Lauren Auctions presents Heirloom Estate of Chinese General Cai Wenzh, Mar. 24-25
ROSWELL, Ga. – On Friday, March 24, and Saturday, March 25, Lauren Auctions will present a sale titled Heirloom Estate of General Cai Wenzhi. Absentee and Internet live bidding will be available through LiveAuctioneers.
General Cai Wenzhi (1911-1994) was a Lieutenant General of the National Revolutionary Army, a Chinese military unit that lasted until December 1947. During the course of several decades in his time with the military, Cai Wenzhi amassed a private collection of truly one-of-a-kind collectables. The list of items includes military memorabilia, daggers, swords, historical photographs, political documents, catalogs, manuscripts and books.
A standout among the paintings in the collection is an early work by Xu Beihong (Chinese, 1895-1953), a watercolor on paper titled Pair of Lions on Mountain Peak and estimated at $100,000-$120,000. This painting articulates the need for artistic expressions that reflected a modern China at the beginning of the 20th century – it is a monumental painting with an epic Chinese theme. It also reflects the artist’s high proficiency in an essential Western art techniques.
Lauren Galleries will also offer several Asian arts pieces from prominent collectors. Notable lots include:
A monumental, elaborate Qing dynasty, Qianlong period gilt cloisonne and turquoise sculpture of Mount Penglai Island. It features high relief carvings of Mt. Penglai on four sides with a standing figure of the Taoist Lao Tzu, as well as enameled cranes, jade ruyi and deer, and two gilded trees and flowers encrusted with pearls and semi-precious stones. Secured to the back of the island is a large, natural turquoise boulder in the shape of a mountain with an attached carved coral prunus tree showing birds and small gilded flowers. The gilded island sits in a low cloisonne tray decorated with a scrolling lotus and tendrils motif with a dragon reserve on the four rims, surmounted on a cloisonne stand. Its underside bears a reign mark denoting it as having been made in the year of Emperor Qianlong of the great Qing dynasty. The piece is estimated at $7,500-$10,000.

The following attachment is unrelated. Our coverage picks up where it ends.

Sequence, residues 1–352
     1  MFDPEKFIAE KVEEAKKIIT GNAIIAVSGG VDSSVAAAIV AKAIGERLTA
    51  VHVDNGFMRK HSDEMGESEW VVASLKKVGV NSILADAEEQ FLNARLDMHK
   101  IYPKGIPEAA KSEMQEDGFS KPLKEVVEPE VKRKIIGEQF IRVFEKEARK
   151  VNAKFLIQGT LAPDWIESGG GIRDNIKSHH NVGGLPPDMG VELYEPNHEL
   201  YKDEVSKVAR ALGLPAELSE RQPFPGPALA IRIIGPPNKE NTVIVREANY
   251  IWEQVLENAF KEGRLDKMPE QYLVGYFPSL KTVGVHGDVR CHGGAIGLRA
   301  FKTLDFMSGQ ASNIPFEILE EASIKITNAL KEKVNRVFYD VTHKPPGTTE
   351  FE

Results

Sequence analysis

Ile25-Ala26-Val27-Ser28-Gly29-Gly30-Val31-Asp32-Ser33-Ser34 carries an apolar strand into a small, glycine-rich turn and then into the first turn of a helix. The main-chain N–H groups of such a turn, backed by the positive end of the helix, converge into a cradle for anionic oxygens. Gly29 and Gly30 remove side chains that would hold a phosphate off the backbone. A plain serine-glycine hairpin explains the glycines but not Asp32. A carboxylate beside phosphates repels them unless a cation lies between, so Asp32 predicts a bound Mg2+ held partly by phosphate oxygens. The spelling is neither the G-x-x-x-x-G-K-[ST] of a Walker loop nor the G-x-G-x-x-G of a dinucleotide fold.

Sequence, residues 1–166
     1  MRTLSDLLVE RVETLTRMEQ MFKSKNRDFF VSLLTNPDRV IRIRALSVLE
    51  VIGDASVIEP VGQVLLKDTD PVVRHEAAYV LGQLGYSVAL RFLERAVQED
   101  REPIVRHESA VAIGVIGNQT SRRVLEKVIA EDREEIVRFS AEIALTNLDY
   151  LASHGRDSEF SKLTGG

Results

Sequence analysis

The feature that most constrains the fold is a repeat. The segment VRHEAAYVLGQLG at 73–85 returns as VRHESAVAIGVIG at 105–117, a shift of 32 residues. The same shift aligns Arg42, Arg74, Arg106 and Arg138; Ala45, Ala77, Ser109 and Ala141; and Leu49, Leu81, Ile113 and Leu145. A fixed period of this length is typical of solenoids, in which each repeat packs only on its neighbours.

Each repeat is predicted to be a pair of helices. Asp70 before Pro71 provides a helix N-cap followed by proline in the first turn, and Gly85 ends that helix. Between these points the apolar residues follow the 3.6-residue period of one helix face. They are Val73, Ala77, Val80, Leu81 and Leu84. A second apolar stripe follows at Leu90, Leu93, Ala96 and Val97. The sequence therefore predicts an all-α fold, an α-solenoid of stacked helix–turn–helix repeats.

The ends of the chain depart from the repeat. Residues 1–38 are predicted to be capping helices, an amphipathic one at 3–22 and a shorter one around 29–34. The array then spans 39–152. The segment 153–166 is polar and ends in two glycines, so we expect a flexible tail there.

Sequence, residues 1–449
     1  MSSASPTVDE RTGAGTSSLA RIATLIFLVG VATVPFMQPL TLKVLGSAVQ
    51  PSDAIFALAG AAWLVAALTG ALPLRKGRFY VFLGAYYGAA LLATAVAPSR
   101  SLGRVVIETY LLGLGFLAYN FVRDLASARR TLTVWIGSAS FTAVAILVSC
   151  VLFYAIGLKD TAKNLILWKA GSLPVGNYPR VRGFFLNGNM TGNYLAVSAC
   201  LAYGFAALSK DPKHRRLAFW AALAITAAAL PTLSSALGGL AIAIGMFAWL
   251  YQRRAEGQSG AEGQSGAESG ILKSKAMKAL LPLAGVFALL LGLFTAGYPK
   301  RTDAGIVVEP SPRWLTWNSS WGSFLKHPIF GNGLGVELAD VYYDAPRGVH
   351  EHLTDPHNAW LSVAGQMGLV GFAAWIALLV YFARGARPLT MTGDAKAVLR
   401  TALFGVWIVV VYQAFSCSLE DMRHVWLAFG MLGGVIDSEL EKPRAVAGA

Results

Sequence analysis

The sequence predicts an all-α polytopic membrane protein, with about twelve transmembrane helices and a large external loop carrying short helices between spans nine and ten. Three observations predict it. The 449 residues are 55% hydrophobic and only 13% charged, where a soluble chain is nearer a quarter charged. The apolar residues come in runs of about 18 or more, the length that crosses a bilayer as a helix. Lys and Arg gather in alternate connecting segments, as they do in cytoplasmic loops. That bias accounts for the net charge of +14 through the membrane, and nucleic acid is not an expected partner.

Equally impressive is a Chinese Ming dynasty blue and white dragon porcelain charger on a carved hardwood stand. The plate has a broad wide central cavetto and round mouth rim, and it is raised on a slightly concave foot base. The hand-painted ornamentations are rendered in a clean white base color that contrasts with the blue color. They depict the five claws of the imperial dragon soaring amid flames and vapor as it chases a blazing pearl against scrolling cumulus clouds, its face lifted toward the heavens. The backdrop depicts swirling wind and fire painted atop a beautiful white underglaze. The underside, which is unglazed, reveals pale cream-colored and dark grayish-brown spotted firing marks and an edge-cut foot rim. The charger on stand has an estimate of $1,000-$1,500.
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